Appeals from the Superior Court of the District of Columbia (F-6602-98, F-6329-98) (Hon. Ann O'Regan Keary, Trial Judge)
Before Farrell, Ruiz, and Glickman, Associate Judges.
The opinion of the court was delivered by: Farrell, Associate Judge
These appeals present primarily the issue of whether the transferred intent doctrine, firmly embedded in our jurisprudence, permits a first-degree murder conviction for the shooting death of an unintended victim when the intended victim has also been shot dead. Appellants argue that where the crime intended - here premeditated murder - has actually been committed against the intended victim, the evidence of intent is insufficient to permit a second conviction for first-degree murder. In keeping with strong indications in our prior decisions and unpersuaded that the reasoning appellants urge for limiting the reach of the doctrine applies to the facts of this case, we uphold its application here. We reject appellants' other assignments of error as well, and so affirm their convictions each for two counts of first-degree murder while armed and related weapons offenses.
The essential facts are not in dispute. One of the eventual victims, John McKinney, came upon a group of men playing dice on the corner of Seaton Place and North Capitol Street, N.E. Appellant Thurston was one of the players. McKinney, who was an outsider to the group and the neighborhood, was allowed to join the game briefly, but a short while later a man nicknamed Black Back appeared to strike McKinney, and Thurston "had some words" with him. Apparently frightened, McKinney reached into his shoulder bag, which caused most of the other participants, fearing he had a gun, to take off at a run. Although McKinney produced only a beer from the bag and began to walk away, Thurston continued to holler at him.
As McKinney walked south on North Capitol Street, Thurston told two women nearby to "leave from the corner" because "something was about to happen." One of the women, who had been observing events, understood the target of the threatened "something" to be McKinney and hoped he would "get away." At this point, appellant Lloyd's automobile came "flying through the alley" nearby and parked near the intersection of North Capitol and S Streets. Thurston left the women and joined Lloyd, who exited his car and put on a dark tee-shirt and hat over his clothes. As the two men conferred, Lloyd pulled a gun from his waistband and held it in his right hand. They then hurried together to the intersection, where Thurston pointed south in McKinney's direction and said, "[H]e's down that way." The defendants ran together in that direction.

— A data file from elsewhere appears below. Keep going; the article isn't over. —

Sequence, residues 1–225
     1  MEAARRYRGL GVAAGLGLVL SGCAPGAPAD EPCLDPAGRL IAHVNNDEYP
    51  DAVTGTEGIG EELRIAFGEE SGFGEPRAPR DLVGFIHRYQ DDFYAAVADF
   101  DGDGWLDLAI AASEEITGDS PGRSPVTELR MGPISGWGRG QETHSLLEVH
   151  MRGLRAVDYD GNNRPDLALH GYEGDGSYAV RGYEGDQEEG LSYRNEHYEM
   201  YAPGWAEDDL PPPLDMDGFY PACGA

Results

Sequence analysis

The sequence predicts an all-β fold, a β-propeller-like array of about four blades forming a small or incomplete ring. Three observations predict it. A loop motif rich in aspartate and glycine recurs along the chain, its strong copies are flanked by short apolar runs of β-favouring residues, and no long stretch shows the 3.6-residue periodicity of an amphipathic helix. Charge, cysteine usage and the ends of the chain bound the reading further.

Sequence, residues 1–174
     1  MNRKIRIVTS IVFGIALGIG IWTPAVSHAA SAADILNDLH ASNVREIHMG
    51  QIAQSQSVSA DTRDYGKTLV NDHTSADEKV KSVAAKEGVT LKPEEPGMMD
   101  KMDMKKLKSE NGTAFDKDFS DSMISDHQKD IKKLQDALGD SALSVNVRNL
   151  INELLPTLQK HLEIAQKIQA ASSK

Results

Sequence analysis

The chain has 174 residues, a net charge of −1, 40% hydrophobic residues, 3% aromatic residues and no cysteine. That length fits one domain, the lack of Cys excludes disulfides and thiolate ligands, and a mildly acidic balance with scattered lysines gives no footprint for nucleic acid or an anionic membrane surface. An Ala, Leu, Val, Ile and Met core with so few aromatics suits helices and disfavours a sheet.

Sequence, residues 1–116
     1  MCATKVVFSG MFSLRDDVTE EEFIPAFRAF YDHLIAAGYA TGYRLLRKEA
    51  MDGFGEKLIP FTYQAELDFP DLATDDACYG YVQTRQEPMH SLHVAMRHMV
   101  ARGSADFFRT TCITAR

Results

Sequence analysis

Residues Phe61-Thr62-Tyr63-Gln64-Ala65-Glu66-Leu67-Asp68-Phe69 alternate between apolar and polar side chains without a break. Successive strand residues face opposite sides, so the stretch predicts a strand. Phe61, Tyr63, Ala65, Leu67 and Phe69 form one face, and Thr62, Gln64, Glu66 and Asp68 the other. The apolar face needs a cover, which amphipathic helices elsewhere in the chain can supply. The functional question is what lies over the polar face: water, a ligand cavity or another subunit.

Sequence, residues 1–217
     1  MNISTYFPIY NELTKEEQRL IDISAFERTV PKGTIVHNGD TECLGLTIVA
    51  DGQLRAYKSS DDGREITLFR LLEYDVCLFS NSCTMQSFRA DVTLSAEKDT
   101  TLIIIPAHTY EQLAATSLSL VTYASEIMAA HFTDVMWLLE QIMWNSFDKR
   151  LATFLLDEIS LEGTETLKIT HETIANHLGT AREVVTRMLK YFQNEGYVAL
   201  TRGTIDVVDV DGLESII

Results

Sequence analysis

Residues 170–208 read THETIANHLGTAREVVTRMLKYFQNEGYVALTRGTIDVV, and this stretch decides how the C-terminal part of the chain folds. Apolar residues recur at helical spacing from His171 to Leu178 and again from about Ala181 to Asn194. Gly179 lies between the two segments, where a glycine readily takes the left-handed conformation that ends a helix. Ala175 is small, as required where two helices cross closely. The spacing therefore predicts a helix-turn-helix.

McKinney meanwhile crossed North Capitol Street and encountered Geneva Hall, to whom he offered to sell food stamps. When Hall showed interest, McKinney put his bag on the ground and rummaged in it. As he stood upright again, Thurston and Lloyd were both "up on him" seven to nine feet away. Lloyd, holding his gun in the "sideways" position, opened fire and struck McKinney three times in the back with hollow-nosed bullets. Two of the bullets passed through McKinney's body into Ms. Hall's body. Both McKinney and Hall died.
Immediately after the shooting, Lloyd ran from the scene and, as he did, removed the dark shirt and hat he had donned minutes earlier. He jumped into a friend's truck and drove or was driven away, but returned to the scene later dressed in the clothes he had worn earlier - without the dark shirt and hat.
Thurston later gave a statement to the police which, as redacted at trial, confirmed that a "dude" had joined the crap game in which Thurston was participating, and got into a dispute with a third participant who then sought Thurston's help. Thurston obliged by securing the help of a fourth person who, after conferring with the others, left the scene briefly but returned with his car. That person retrieved a gun from the car and, accompanied by Thurston, crossed North Capitol Street where Thurston "pointed to [the dude]" and the other man "ran up and shot him."
We consider first appellants' challenge to application of transferred intent. The doctrine, besides being "well entrenched in [the] common law," has been contained "within the body of criminal law for the District of Columbia" ever since "the critical time of Maryland's cession of the District." O'Connor v. United States, 399 A.2d 21, 24-25 (D.C. 1979). In the present case involving charges of first-degree murder, the trial judge instructed the jury on the doctrine as follows:
[I]n an instance where a person purposely and with deliberate and premeditated malice kills one person but by mistake or inadvertence kills another person as well, the law transfers the intent from the object of the intended victim and includes the unintended victim as well.
Thus, if a person directs deadly force at another with the intention of killing him and such killing is premeditated, deliberated and committed with specific intent to kill, and a bystander or another is also killed, the person so committing such offense may be found guilty of murder in the first degree without regard . . . to whether the killing of the ...